Cloud Based Accounting: Ideal For Your Small Business?


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One of the advantages of the technological revolution is that advances move swiftly down the cost curve. Accounting software for small and medium-sized enterprises (SMEs) has now become much faster, more secure and cheaper. It gives businesses real time information and thus makes SMEs more competitive against big business.
   
Cloud-based accounting software is stored in remote servers in “the cloud”. Processing also takes place in the cloud and the information is accessible anywhere in the world.  Effectively, it makes the days of loading software onto your accountant’s desktop and passing information via memory sticks obsolete.


The benefits of cloud accounting

It improves cash flow not only because it is less costly with no upfront costs (most people rent cloud-based solutions from as little as R200 per month) but also it allows you to virtually integrate with your customers. This reduces bottlenecks, improves communication and speeds up processes which take cost out of your system. For example, if your customer can see your planned offtake of their product for the next several months, they can reduce their inventory holdings and pass on some of these cost savings to your business.

It helps make your business more integrated as cloud accounting packages can “talk” to your other business software such as Customer Relationship Management (CRM). Thus the CRM system is automatically updated when accounting transactions which affect customers are processed.   

The system is visible to multiple users who can interrogate the general ledger from anywhere in the world. This does not compromise internal controls as different users have varying degrees of access to the information. It is also secure as cloud-based software can be stored in different cloud locations.

It enhances management control as not only is the accounting information accessible but it is easy to run your own reports from it. Cloud-based software also leaves easy-to-follow audit trails of data. Management have much better information and they can quickly check how all aspects of the business are performing.

Whilst it involves a (possibly considerable) investment in time and effort to design and set up cloud accounting, once it has been installed the benefits can be substantial. 

Ask your accountant for advice on whether it is right for your business.





Is Your Problem With SARS A Systemic Issue? If So, Speak To the Tax Ombud


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Many taxpayers are experiencing frustrations in their dealings with SARS. The Tax Ombud is there to assist taxpayers if they have experienced:
  • Procedural difficulties

  • Service issues

  • Administrative problems and the taxpayer has exhausted all avenues of appeal with SARS with respect to SARS dispute procedures. 
However, the Ombud may take up a taxpayer’s complaint before all SARS processes have been followed if there are “compelling circumstances”. The most significant of these is systemic issues.


What are “systemic issues”?


The Ombud defines these as coming from causes in SARS’ practices and policies which will adversely affect numerous taxpayers. The Ombud’s Office may investigate systemic issues and recommend solutions to the Minister of Finance.

So far, the Ombud has identified twenty systemic issues. Some of the most significant are:    
  1. Placing unjustified “special stoppers” on taxpayers - these are supposed to be placed on high risk fraud accounts and freeze any payments to taxpayers until they are lifted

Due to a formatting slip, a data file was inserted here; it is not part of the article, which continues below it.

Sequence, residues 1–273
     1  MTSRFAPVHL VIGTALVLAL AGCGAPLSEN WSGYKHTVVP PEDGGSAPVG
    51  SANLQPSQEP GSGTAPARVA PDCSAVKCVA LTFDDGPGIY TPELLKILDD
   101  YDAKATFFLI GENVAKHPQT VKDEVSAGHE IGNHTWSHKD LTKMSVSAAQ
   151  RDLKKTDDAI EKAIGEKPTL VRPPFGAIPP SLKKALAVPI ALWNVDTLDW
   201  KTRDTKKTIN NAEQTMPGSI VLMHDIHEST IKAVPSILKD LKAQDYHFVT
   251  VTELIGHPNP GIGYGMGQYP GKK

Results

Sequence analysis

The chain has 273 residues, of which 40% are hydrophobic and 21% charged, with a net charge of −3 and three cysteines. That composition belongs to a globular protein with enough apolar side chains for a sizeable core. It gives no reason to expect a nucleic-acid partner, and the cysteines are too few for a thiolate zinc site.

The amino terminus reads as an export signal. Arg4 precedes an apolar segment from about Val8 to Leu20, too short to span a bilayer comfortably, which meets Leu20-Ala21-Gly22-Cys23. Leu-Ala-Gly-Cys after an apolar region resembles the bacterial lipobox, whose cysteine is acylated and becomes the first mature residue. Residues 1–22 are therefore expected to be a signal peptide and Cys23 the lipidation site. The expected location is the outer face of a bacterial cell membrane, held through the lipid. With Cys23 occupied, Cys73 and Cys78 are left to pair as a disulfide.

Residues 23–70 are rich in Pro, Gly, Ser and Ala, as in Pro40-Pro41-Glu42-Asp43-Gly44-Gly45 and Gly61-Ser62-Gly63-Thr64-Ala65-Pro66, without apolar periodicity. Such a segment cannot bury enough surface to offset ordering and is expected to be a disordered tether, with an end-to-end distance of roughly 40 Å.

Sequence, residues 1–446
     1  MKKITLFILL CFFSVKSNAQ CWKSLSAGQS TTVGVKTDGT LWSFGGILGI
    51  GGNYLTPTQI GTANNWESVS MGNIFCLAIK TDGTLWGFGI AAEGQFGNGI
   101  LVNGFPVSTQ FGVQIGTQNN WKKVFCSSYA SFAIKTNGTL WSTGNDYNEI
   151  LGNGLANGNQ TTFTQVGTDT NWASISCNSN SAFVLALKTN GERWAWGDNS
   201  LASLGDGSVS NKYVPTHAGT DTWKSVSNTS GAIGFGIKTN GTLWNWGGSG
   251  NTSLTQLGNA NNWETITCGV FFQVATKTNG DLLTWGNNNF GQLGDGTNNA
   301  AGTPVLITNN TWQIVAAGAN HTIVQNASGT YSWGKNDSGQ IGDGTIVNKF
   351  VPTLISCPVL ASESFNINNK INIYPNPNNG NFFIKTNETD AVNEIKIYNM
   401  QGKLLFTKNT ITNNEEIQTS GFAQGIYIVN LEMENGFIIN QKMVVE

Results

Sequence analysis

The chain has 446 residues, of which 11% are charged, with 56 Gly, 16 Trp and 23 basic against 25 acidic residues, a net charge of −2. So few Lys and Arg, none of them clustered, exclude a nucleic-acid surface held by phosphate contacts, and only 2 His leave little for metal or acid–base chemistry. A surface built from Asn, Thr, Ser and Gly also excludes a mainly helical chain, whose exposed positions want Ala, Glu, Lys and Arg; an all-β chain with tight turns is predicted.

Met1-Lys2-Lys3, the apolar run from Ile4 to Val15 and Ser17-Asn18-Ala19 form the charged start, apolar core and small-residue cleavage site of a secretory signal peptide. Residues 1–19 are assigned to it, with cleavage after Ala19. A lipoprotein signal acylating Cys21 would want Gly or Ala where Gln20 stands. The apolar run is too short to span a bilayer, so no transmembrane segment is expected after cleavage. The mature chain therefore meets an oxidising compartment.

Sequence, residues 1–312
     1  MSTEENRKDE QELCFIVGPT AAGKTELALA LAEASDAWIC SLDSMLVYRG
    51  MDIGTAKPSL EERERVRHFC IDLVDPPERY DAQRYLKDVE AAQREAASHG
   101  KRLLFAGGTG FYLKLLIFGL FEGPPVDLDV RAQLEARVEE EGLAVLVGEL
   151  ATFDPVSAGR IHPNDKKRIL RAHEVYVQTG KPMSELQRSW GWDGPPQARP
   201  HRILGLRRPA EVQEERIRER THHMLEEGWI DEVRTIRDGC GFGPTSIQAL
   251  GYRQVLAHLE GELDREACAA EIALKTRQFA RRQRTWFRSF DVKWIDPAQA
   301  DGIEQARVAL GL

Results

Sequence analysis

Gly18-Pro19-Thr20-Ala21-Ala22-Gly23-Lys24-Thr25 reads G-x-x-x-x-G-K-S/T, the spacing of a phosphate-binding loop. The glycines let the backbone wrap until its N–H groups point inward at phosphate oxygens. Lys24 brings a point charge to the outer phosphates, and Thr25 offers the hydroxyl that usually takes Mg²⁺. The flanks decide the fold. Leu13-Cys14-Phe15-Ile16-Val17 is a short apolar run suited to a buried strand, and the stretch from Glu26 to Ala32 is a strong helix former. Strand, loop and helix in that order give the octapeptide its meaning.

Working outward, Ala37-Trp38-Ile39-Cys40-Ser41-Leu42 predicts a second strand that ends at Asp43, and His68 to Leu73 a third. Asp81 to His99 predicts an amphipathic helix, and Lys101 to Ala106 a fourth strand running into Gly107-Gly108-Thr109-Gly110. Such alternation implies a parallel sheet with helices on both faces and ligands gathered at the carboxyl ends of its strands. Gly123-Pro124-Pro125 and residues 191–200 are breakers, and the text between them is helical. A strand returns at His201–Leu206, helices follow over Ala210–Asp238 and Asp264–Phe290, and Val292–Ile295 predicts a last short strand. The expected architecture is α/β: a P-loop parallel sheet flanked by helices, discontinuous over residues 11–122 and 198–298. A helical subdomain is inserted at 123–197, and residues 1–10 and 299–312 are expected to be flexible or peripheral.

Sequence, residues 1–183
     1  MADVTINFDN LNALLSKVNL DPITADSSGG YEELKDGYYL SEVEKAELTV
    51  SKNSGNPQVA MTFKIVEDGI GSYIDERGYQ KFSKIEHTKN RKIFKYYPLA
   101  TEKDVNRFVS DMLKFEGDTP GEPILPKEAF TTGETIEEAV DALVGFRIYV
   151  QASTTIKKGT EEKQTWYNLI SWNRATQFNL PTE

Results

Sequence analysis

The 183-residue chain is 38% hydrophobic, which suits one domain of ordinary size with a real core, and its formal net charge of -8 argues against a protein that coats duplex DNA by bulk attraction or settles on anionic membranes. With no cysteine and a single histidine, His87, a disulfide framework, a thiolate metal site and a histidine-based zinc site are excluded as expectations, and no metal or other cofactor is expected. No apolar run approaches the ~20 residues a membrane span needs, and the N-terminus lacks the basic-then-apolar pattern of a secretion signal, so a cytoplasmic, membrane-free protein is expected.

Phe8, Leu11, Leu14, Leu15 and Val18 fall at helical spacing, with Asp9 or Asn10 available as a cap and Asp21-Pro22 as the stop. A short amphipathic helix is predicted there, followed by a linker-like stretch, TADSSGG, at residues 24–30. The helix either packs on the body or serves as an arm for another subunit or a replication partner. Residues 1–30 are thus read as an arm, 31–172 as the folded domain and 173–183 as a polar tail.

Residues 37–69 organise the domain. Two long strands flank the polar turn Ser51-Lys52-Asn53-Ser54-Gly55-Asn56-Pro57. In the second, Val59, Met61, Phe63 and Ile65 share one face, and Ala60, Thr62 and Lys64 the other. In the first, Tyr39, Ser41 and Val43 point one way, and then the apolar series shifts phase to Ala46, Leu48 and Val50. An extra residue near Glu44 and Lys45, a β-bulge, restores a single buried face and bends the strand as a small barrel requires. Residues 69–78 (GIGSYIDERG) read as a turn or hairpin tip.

2. SARS not adhering to agreed timelines

  3. Requested documentation being received by SARS and not filed with the taxpayer’s account

  4. SARS illegally instituting collections from taxpayers

  5. Frequent follow-ups by taxpayers where SARS failed to show them the correct procedure for this and/or informing taxpayers how to escalate matters

  6. Assessments being revised without SARS sending the taxpayer a letter of findings

  7. Incorrect bank accounts being used by SARS when processing refunds and incorrectly allocated payments to the wrong taxpayer.
If you think that your complaint falls into a “systemic issue” category (ask your accountant in doubt), then you may approach the Tax Ombud without going through all of SARS’ hoops. There is no doubt that the credibility of the Tax Ombud is growing, and whilst the Ombud may still decide not to help you it is well worth giving it a shot.





Beware the New Corporate Income Tax Penalties! And Your Tax Deadlines For November


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There are only run-of-the-mill tax deadlines for November but companies need to take note of a new warning from SARS that it will be imposing administrative penalties from December 2018 for outstanding Corporate Income Tax (CIT) returns.  Until now, penalties have only been imposed for failure to lodge personal returns.

The penalties, says SARS, “range from R250 to R16,000 per month (see Table) that non-compliance continues, depending on a company’s assessed loss or taxable income” (our emphasis), and will apply to companies which have been issued a final demand to submit a return.

Note also that this also applies to dormant companies: “If a company is dormant, it is still required to submit any outstanding returns prior to 2018 to prevent a penalty being imposed.” 


 (Adapted from the Tax Administration Act)






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The information provided herein should not be used or relied on as professional advice. No liability can be accepted for any errors or omissions nor for any loss or damage arising from reliance upon any information herein. Always contact your professional adviser for specific and detailed advice.